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Entire internet credits snapper for taking great pic while actually dead

He was good, says bloke who really took it, but come on

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One of the web's best loved classic photographs - universally credited to the great photojournalist Henri Cartier-Bresson - was taken just six years ago, quite some time after Cartier-Bresson's death. Let's meet the bloke who snapped it.

It's an atmospheric image of a girl and a dog on a beach, with a storm brewing in background. Scores of websites feature the photo and credit it to Cartier-Bresson, and include it in collections of his best work. (Such as this one.) The mighty Google Images has no doubt about who took the photo - as you can see for yourself by searching for the French pioneer of street photography.

Cartier-Bresson died in 2004. But we didn't need a seance to verify the identity of the image's photographer. Skype did the job just fine.

The Copylike.org website, an online community for copyright-defending artists, first identified the real author. The picture was taken by Lithuanian-born Andrej Vasilenko on a beach at Nida, a town on the Curonian Spit, while on a photo assignment. The girl is Miglė Narbutaitė, at the time a fellow photography student at the Vilnius Academy of Art. The picture was shot with a Fujica using a 50mm Russian Industar lens.

Vasilenko now lives in Hackney and works as a freelancer photographer.

"It originally didn't have a name, but people began to call it A girl and a dog", he told The Register.

At first he was flattered to be included alongside one of the greats.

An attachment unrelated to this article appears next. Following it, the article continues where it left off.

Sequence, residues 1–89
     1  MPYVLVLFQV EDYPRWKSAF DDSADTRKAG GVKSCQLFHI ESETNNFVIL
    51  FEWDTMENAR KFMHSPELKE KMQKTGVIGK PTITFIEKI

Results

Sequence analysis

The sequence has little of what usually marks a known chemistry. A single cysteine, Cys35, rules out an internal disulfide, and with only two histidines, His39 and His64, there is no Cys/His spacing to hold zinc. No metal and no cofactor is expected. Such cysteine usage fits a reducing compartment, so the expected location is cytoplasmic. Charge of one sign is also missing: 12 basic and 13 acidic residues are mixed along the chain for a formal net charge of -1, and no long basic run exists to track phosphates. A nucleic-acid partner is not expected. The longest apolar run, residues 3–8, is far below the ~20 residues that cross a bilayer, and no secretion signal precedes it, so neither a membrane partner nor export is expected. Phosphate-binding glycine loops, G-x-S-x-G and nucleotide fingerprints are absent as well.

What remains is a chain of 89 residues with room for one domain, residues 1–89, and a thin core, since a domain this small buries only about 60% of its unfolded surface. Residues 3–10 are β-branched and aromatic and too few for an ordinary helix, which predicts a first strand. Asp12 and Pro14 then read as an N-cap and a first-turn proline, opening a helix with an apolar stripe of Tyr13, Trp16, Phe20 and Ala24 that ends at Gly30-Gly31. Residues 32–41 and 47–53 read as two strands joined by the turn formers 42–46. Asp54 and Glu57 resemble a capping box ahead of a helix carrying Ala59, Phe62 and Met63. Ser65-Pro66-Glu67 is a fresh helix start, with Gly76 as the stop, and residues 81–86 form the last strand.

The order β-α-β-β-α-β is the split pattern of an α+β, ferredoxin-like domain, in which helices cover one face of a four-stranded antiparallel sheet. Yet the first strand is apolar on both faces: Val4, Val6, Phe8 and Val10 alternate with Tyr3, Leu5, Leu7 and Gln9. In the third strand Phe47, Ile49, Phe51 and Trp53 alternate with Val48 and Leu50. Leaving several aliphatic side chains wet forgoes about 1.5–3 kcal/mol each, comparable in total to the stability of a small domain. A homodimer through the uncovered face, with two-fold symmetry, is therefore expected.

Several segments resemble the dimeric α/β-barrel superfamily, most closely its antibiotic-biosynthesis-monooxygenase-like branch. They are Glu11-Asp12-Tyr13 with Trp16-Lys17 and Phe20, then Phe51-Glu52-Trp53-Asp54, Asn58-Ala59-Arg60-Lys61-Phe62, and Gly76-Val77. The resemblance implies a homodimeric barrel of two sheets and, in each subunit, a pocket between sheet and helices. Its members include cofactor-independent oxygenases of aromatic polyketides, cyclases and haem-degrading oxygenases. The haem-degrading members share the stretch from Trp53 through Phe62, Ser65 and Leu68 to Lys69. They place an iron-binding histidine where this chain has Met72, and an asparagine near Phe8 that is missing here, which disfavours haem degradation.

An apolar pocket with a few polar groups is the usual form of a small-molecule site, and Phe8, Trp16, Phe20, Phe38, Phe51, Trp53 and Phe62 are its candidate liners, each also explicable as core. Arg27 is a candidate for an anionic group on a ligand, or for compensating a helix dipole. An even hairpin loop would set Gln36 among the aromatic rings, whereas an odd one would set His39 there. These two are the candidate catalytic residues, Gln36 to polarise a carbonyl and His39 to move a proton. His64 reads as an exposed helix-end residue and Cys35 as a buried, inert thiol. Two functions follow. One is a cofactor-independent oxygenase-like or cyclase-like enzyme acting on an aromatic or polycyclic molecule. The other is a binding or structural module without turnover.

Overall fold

"I like Cartier-Bresson. But when I saw how many times it's been reposted, and credited to him, I was less happy."

A few of the websites that included Vasilenko's photograph in collections of Cartier-Bresson's works - such as this one - have since realised that the image couldn't possibly have been taken by the late French photojournalist, but most have yet to notice the error.

A girl and a dog, photo by Andrej Vasilenko

A girl and a dog © Andrej Vasilenko. Used with permission

In fact, if you look closely, you can see that the girl is wearing very modern trainers, and standing beside an equally modern backpack. Cartier-Bresson retired from photography in the early 1970s and only took a few private portraits subsequently. Even though he died years before the above picture was snapped, he still gets the credit. Well done, Internet Hive Mind - and thanks for another triumphant Googlewash.

Vasilenko's picture remains a memorable photo. So shouldn't the real author get the credit, and maybe even some dosh? Internet affection doesn't pay the rent.

Well, therein lies another story.

Getting the correct attribution on images has long been a pain for photographers. The image file's metadata, which contains the attribution information, is stripped from digital photographs, often by large news organisations such as the BBC and Sky, on an industrial scale. It's illegal, but the authorities (as so often in copyright cases) are on the side of the offender, not the victim.

In addition, photographers are starting to remove their photos from the web as radical new collectivisation and new orphan works legislation looms in the UK. The new proposals require a user of a photo that doesn't have the author metadata attached to make a "diligent search" before using the image. Now have a look at what the above Google search produces - there's nothing more emphatic than that. And it's 100 per cent wrong.

As Andrej told the Copylike community in an interview on Facebook:

"I wouldn’t mind someone using it, if they ask my permission first. If you put a link to the original source then it’s not so bad, but if people could freely use my work without crediting me then I would definitely publish less. I am not a well known photographer and I want more people to see my work, but not if they think it’s someone else’s." ®

Bootnote

The photo was taken three years before Instagram was invented. No filters were used; it's just a good camera, and a lot of skill.

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